Billias, George Athan, ed. George Washington’s Generals and Opponents: Their Exploits and Leadership. 1st Da Capo Press ed. New York: Da Capo Press, 1994.
Blanchard, Amos. The American Biography : Containing Biographical Sketches of the Officers of the Revolution, and of the Principal Statesmen of That Period, to Which Are Added the Life and Character of Benedict Arnold, and the Narrative of Major Andre. Wheeling, WV: Kenyon, 1833.
Broadwater, Robert P. American Generals of the Revolutionary War: A Biographical Dictionary. Jefferson: McFarland, 2012.
Griswold, Rufus, William Gilmore Simms, and Edward D Ingraham. Washington and the Generals of the American Revolution. Philadelphia: Carey and Hart, 1847.
Headley, J.T. Washington and His Generals. Home Library. New York: A. L. Burt Company, n.d.
For a comparison of the prior military experience of the British generals as compared with the Patriot generals, see an article entitled Revolutionary Rookies in the Journal of the American Revolution.
Major Generals Comparative Data
Full-length biographies of the twenty-nine major generals are relatively few. For each of the major generals, I have compiled a list of the published biographies as well as repository sources for memoirs and papers. In addition to the sources cited, researchers should consult with the David library of the American Revolution, theGeorge Washington papers, and Founders on line for additional documents.
The major generals are listed in order of senority. The major generals highly coveted seniority and jealously guarded its priviledges.
Rank and Promotion Information
The average number of years served as a major general is 3.7 years with 5.3 total years of service. The dates of service by rank for the twenty-nine Continental Army major generals are found in the link below.
Not counting George Washington, there were twenty-nine major generals, of which twenty-three lived before or after the war in the United States. Over half of these major generals owned slaves, which is a bit lower in proportion to the slave owning signers of the Declaration of Independence. While certainly a much lower percentage, it is less certain the proportions of the major generals who advocated ending slavery.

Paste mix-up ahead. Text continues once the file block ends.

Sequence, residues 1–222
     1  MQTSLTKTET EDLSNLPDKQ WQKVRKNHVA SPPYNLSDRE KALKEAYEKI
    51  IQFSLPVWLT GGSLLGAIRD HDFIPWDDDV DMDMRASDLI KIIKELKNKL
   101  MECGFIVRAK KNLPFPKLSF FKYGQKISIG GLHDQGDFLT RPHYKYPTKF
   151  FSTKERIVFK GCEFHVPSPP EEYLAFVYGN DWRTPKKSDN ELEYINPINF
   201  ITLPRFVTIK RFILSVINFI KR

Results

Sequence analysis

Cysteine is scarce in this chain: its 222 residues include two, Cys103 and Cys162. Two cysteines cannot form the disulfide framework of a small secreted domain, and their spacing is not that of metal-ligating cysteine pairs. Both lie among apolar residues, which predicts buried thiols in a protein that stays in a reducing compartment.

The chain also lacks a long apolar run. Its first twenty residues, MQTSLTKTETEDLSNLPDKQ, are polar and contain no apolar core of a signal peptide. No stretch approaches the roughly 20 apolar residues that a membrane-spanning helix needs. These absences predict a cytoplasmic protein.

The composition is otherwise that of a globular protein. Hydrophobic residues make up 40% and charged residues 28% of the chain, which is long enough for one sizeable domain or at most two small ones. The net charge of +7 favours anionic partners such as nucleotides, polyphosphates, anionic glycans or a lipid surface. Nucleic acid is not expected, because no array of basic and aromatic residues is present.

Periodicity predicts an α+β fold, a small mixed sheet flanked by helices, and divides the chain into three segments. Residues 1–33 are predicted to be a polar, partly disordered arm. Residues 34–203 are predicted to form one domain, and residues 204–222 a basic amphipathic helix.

|Major General||State||Slave Owner||No of Slaves||Anti Slavery Views||Last Will and Testament|
|Charles Lee||VA||Yes||?||Yes, sold|
|Israel Putnam||CT||No||Bought freedom for a slave encountered in 1763|
|Richard Montgomery||NY||Yes||?||Left slaves to heirs|
|Horatio Gates||VA||Yes||?||May have had a change of heart after the war||Sold with some manumission|
|John Sullivan||NH||Yes||1||Slaves not mentioned in his final inventory|
|Nathaniel Greene||RI||Yes||?||No mention of slaves, just property|
|William Alexander||NJ||Indentured||No mention of slavery|
|Arthus St. Clair||PA||No||Yes|
|Adam Stephen||VA||Yes||30||Left to heirs|
|Benjamin Lincoln||MA||Yes||1||May have had a change of heart after the war|
|Robert Howe||NC||Yes||30||Destitude at death|
|Frederick W. A. Steuben||NY||No||No mention of Slavery|
|William Smallwood||MD||Yes||56||Destitude at death|
|William Moultrie||SC||Yes||200||Destutude at death|
|Foreign Volunteers who returned home or died in service|
|Paul J. G. de M. Lafayette|
|Philip De Coudray|
|John De Kalb|
|Louis L. Duportail|